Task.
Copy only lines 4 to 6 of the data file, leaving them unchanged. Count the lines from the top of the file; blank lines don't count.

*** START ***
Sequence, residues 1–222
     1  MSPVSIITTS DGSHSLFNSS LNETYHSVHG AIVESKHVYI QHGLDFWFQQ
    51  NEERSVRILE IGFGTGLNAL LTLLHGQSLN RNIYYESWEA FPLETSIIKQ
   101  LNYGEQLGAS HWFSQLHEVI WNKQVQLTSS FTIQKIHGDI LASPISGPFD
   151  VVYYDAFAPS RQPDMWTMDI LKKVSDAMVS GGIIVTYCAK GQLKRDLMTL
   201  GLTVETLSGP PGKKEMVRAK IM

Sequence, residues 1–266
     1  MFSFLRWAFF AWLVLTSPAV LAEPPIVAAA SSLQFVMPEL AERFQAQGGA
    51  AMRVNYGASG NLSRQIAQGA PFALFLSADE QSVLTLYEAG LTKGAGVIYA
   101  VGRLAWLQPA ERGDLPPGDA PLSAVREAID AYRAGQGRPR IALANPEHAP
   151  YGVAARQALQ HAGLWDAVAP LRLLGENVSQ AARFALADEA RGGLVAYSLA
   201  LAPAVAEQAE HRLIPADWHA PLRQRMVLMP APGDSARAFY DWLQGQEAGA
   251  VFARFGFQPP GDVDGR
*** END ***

   101  LNYGEQLGAS HWFSQLHEVI WNKQVQLTSS FTIQKIHGDI LASPISGPFD
   151  VVYYDAFAPS RQPDMWTMDI LKKVSDAMVS GGIIVTYCAK GQLKRDLMTL
   201  GLTVETLSGP PGKKEMVRAK IM